Nothing here deserves to be characterized as morbid. Indeed, quite the opposite.
Simon Abrams is a native New Yorker and freelance film critic whose work has been featured Esquire, the Village Voice and elsewhere.
Simon started his career as an arts critic writing comics reviews for the Comics Journal. He conducted the cover interview with writer Robert Kirkman in issue #289. After writing film reviews for the New York Press and Slant Magazine, Simon wrote film reviews for the Village Voice, an outlet that he now regularly contributes feature interviews and capsule reviews to. This past November, Simon wrote the cover interview with the Wachowski siblings.
Simon has also spoken at a number of panel discussions in New York. This past December, Simon helped to organize and participated in a panel discussion at 92YTribeca on Jean-Luc Godard's King Lear, and in January, Simon spoke at the Museum of Modern Art during a panel discussion on Pier Paolo Pasolini's Trilogy of Life. Simon's currently writing a book on the exploitation of blood and gore on film.
Simon Abrams reports from the Sundance Film Festival.
Twenty-five films about Zatoichi, the blind swordsman, are gathered in a new box set from Criterion.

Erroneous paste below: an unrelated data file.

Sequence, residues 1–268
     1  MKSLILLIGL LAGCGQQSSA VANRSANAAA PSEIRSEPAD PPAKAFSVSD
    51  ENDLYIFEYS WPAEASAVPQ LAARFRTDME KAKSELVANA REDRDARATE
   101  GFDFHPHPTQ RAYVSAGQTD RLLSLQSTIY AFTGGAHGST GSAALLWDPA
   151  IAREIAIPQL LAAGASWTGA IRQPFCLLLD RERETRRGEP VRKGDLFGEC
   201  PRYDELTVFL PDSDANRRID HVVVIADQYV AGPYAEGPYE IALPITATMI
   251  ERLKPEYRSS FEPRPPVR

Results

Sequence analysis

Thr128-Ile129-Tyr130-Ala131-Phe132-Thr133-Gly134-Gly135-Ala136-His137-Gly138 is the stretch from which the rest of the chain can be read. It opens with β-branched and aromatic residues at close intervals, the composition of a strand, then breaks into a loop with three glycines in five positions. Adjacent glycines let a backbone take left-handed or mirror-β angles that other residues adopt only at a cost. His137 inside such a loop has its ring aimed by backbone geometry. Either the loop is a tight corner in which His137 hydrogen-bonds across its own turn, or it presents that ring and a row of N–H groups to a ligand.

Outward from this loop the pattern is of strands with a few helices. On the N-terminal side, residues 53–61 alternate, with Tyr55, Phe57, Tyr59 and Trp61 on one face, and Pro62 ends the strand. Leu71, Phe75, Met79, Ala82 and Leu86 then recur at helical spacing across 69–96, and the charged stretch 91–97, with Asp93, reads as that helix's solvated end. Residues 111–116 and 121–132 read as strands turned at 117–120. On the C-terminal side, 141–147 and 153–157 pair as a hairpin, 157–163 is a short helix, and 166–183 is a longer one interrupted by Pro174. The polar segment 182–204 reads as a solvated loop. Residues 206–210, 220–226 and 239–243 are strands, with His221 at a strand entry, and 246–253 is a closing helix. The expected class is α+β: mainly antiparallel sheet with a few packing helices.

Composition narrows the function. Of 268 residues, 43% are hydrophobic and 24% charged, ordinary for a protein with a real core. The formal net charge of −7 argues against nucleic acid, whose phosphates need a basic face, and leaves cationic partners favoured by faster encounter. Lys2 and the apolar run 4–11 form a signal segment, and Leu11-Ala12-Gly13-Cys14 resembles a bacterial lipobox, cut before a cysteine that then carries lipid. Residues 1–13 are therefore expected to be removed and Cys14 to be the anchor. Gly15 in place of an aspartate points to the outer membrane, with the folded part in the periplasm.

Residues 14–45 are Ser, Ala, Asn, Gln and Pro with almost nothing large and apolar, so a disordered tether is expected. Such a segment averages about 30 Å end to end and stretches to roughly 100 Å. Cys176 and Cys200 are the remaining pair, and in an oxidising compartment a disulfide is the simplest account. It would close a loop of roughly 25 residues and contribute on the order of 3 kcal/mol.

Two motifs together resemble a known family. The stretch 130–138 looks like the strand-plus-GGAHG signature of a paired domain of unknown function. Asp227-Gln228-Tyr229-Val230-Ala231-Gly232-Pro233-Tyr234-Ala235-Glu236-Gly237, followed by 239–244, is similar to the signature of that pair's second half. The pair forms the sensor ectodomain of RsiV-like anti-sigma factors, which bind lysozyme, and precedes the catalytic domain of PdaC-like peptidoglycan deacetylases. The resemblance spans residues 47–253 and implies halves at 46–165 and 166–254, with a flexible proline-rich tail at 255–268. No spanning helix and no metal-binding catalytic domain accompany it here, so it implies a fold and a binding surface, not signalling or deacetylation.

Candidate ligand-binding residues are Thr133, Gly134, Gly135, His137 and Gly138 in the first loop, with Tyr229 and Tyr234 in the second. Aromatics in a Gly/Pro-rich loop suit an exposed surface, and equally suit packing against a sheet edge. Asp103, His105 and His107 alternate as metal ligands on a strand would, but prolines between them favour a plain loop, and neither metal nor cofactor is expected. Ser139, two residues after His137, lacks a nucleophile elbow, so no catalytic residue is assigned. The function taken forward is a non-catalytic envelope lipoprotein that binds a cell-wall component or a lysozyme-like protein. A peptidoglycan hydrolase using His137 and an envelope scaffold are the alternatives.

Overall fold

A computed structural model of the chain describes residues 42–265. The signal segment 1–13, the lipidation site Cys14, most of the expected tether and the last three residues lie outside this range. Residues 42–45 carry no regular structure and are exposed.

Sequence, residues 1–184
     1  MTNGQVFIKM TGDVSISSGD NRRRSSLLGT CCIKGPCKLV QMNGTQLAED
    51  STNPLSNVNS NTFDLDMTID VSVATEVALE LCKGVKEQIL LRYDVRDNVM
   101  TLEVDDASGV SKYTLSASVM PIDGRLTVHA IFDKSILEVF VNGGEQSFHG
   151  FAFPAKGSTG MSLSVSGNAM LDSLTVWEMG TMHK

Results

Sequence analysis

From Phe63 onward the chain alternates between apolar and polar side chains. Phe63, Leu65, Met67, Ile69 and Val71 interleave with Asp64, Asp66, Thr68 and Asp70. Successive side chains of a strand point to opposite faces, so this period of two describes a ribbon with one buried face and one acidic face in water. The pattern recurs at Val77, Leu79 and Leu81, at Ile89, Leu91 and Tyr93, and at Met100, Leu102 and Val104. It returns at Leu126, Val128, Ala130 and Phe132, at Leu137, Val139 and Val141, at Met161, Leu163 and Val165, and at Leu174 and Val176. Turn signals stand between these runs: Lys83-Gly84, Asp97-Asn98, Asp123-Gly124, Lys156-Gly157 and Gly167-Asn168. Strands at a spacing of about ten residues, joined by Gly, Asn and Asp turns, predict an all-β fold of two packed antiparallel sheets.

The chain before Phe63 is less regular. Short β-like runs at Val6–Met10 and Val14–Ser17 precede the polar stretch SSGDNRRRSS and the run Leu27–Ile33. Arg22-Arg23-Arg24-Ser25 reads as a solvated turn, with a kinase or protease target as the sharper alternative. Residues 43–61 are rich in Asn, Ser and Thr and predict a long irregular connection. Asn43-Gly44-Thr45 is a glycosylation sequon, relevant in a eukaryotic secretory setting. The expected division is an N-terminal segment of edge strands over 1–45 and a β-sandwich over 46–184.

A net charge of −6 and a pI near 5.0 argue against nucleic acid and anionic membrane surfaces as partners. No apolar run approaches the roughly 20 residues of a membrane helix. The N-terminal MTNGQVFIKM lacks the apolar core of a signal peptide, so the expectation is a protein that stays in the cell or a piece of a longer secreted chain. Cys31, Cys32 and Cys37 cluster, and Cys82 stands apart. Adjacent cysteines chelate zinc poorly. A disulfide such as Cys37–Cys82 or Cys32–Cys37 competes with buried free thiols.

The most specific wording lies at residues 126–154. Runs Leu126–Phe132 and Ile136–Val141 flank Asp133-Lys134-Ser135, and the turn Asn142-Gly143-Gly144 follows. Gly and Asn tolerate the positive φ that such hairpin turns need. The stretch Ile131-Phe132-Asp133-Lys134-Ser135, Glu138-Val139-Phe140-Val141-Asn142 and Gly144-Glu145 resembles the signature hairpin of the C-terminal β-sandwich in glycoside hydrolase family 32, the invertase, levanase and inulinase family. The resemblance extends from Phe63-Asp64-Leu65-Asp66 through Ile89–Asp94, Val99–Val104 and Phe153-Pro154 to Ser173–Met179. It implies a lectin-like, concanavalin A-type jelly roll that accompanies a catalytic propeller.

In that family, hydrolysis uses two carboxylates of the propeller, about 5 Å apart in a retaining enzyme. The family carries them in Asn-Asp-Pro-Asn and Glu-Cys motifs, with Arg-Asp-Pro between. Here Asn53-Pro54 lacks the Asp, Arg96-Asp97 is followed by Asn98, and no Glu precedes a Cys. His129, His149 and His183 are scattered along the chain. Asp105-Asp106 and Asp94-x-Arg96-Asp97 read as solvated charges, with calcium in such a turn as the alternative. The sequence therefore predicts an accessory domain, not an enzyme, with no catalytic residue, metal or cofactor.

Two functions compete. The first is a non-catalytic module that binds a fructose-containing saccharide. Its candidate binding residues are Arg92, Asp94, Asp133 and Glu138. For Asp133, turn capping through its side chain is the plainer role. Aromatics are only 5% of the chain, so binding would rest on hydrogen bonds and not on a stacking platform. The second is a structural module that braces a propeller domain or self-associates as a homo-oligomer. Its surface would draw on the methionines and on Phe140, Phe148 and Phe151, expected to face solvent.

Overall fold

Spike Jonze's "Her" is a warm and intelligent consideration of our continually evolving relationship with technology.
Kiyoshi Kurosawa's Dreamy sci-fi "Real" and the hilarious "Alan Partridge: Alpha Papa" at the New York Film Festival.
Ultra-indie director Cory McAbee ("The American Astronaut," "Stingray Sam") talks about making musical sci-fi cowboy movies, writing an opera and the Monkees.
Simon Abrams reports on the New York Film Festival.
Simon Abrams muses on the limits of the supposed provocations on "a handful of Bratty, pseudo-adult comics" including Kick-Ass, Irredeemable and Crossed.
An interview with Nicolas Winding Refn, director of "Valhalla Rising," "Drive" and "Only God Forgives," among other films. Simon Abrams talks to the filmmaker about midnight movies, meeting Alejandro Jodorowsky, and the possibility that he might day make a Wonder Woman movie.
Steve Coogan has a talent for self-laceration. His best roles are all about him, or rather a reflection of himself that he finds funny, in a pathetic sort of way.
"Blood Feast" is a terrible film, and a historically important one, too. On the fiftieth anniversary of its release, Simon Abrams revisits this gore-fest.